Bermondsey Pub Crawl

What better way to celebrate the opening of pubs on the 12th than an old fashioned pub crawl, making sure we’re Covid safe at all times of course!
[Licensee/owner information taken from 1900 Post Office directory]

Turning left out of Turner’s Retreat, we come to our first stop, the Horns.

There’s been a pub on this site since 1792. Hugh John Curley and his wife, Rebecca Agnes, were the owners from about 1882 to 1901. It was renamed the Final Furlong in the 1970s and was demolished in 2003.

We’re going to continue down Grange Road, past Woodlands Place on our right, until we get to the New Tanner Arms, on the corner of Grange Road and Ernest Street.

The New Tanner Arms was open in about 1843. In the 1881 census, Amelia Hone was recorded as a boarder. Thomas Higgins was the manager. Amelia was the owner between 1882 and 1910. Like much of Bermondsey, Ernest Street no longer exists, having been bombed in WW2. Bermondsey Spa Gardens was built on the site.

As we have got a few more pubs to visit, we’d better grab a snack at William Jones’ bakery on the corner of Woodlands Place.

Bakery on corner of Grange Road & Woodlands Place (New Tanner Arms is to the left of the lamppost)

Let’s cross over the road and head down Spa Road. While we’re walking, we can take in the views of the magnificent public library and the town hall, next door. Built in the 19th century, it was badly damaged in the Blitz and had to be demolished.

Continuing along Spa Road, we pass the old Bermondsey Public Baths, on the corner of Neckinger. In 1927, this was replaced by the new baths on the corner of Woodlands Place. We have a couple of pubs to visit on Spa Road before we stagger up Neckinger.

Opposite Neckinger & the public baths is the Queens Arms. Although still standing, it hasn’t been a pub since about 2008. Originally opened in 1811, it was owned by James and Mary Shaw from about 1822 to January 1854. All this drinking is making me hungry, so lets pop into Mary Reeves’ fried fish shop at number 84 before our next pub.

Next we’ll head along Spa Road until we get to the Crown on the corner with Dunlop Place. George Henry Bailey was the landlord from about 1895 to 1923. You can see his name on the pub’s signage. The Lion Brewery Co. was founded in Lambeth in 1836, on the site of what is now the Royal Festival Hall. It was a major exporter of beer around the Empire for over 100 years. The brewery was famous for its Coade stone lions, two of which still stand on Westminster Bridge and at Twickenham Stadium.

Continuing on our walk, we are going to double back along Spa Road before turning right onto Neckinger.

Neckinger or Bevington & Sons Leather Mills was one of the largest tanneries in Bermondsey, making leather for shoes and fancy goods. The mills were first opened in 1801 & continued making leather until about 1981.

Neckinger Leather Mills, 1931

On the corner of Neckinger and Abbey Street is our penultimate stop, The Fleece.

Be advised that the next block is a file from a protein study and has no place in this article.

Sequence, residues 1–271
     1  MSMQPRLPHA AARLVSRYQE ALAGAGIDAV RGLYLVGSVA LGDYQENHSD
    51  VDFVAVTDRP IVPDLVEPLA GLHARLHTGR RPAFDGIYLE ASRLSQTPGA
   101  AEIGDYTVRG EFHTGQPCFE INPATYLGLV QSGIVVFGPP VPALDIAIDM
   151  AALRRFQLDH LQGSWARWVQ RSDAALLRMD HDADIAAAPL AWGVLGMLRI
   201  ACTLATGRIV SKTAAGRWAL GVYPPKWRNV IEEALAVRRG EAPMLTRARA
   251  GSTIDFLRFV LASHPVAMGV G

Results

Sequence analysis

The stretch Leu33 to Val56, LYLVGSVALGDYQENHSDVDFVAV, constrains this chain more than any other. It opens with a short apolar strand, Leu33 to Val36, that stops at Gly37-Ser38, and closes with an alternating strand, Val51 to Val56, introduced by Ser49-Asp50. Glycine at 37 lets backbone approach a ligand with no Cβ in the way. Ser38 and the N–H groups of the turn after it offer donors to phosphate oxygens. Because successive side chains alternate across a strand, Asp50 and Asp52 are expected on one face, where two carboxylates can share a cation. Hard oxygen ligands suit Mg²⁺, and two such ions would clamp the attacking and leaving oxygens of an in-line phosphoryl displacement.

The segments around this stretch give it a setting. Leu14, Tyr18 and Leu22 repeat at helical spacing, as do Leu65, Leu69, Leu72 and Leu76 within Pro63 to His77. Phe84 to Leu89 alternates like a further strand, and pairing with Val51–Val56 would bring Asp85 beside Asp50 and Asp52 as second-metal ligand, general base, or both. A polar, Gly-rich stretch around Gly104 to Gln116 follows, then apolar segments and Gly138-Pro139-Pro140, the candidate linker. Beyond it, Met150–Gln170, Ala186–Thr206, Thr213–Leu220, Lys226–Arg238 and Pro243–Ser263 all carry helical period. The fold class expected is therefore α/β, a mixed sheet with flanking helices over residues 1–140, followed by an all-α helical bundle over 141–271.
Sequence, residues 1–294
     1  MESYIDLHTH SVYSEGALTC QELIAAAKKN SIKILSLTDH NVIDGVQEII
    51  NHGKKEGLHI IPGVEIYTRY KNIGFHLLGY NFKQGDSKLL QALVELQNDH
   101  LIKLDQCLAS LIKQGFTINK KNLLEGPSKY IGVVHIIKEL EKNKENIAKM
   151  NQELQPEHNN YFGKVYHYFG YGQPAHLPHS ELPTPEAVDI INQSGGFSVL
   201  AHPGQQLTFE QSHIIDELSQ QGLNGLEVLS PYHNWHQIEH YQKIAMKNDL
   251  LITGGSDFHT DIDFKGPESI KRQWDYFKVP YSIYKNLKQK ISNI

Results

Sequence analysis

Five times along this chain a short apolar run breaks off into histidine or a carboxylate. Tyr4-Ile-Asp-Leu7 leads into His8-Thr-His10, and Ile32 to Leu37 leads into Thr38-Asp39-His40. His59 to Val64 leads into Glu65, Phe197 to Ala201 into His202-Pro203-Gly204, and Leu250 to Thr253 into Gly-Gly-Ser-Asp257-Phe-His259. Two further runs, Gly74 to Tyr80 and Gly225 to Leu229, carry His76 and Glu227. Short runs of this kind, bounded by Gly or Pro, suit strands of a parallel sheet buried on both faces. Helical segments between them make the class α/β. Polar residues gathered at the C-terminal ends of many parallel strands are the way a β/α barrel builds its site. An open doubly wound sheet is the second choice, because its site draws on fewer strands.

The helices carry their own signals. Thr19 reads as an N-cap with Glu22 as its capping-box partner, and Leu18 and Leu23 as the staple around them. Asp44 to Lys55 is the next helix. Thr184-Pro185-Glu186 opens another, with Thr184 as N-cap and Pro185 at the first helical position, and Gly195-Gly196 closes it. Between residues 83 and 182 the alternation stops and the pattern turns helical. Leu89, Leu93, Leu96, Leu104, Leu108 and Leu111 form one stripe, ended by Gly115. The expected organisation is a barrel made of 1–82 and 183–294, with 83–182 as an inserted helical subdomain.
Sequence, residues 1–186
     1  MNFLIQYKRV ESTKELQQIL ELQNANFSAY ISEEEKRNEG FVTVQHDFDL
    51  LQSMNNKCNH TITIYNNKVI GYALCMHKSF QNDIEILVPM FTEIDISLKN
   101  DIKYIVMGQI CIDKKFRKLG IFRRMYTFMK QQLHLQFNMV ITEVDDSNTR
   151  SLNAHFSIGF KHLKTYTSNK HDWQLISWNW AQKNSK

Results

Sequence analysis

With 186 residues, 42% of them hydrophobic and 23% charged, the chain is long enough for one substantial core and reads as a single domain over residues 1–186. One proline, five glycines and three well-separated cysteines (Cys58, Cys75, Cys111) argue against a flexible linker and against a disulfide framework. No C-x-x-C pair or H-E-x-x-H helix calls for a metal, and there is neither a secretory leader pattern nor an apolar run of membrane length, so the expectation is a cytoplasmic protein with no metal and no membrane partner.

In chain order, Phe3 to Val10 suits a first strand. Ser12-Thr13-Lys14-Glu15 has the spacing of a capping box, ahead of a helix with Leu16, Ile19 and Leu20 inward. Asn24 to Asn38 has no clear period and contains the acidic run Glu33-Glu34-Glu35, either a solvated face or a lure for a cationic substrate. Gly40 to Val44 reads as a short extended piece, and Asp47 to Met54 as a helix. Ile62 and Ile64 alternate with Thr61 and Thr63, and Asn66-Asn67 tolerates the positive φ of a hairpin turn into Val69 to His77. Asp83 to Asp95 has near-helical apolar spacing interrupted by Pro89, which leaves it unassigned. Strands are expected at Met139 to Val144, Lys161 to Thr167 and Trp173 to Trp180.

Another lost pub, the Fleece existed from about 1839. As you can see, the façade is still standing but the building itself has been converted into flats. The 6 flats sell for around £500,000 each and are ranked in the top 20 most expensive leasehold flats in the borough. No wonder the pub has disappeared!

Turning right along Abbey Street and staggering under the South Eastern and Chatham railway line, we come to our final stop. What better way to end than a visit to the Music Hall!

The Star & Garter pub was open from about 1794. The Star Music Hall, next door was open from 1867-1919, before becoming a cinema.

It must have been quite grand in its day and would have been a special day out for the local residents (provided they could afford a ticket). There is a description of the pub & Music Hall in the 26 April 1868 edition of The Era newspaper.

‘The Hall which, though without a gallery of any kind, will accommodate about 400 persons, adjoins a large, respectable, and thriving hostelry, called the Star and Garter, which is situated in the Neckinger Road, Bermondsey, at no great distance from the Spa Road station. There is a large stage, with a pretty back scene, and the place is suitably decorated and well lighted………
On Wednesday evening last the place was quite full and the audience was of the most orderly kind. Mr Chris Slater, the Manager and Chairman, opened the proceedings by singing “There are many worse off than you,” a “Song on the Times” and “I’m not so fat as I used to be”

Other acts included Miss Nelly Wood singing “The pig that won’t get over the stile” and Mr Orville Parker and his banjo singing “I’m off to Baltimore”. [Aren’t you glad we have Netflix today!]

By 1883, the stage had been enlarged but there were only 2 dressing rooms, one each for the male and female performers. The Star showed early silent films from about 1908 and by 1930, it was showing ‘talkies’. The Star finally closed during WW2 and, along with the pub, was demolished in 1963.

Its a sad sign of the times that of the 7 pubs in this blog only 2 still exist (as residential properties).

– Post Office London Street Directory 1900
– Information about pubs histories.
– Horns pub image.
– New Tanner Arms image.
– Grange Road image.
– Town hall image taken from a postcard sold at
– Bermondsey Baths image.
– Queens Arms 1946.
– Lion Brewery Co.
– South Bank Lion.
– Neckinger leather mills image.
– The Fleece image. @jpkevan Pinterest
– Star & Garter image.
– Captain Ureck poster. Wellcome Library

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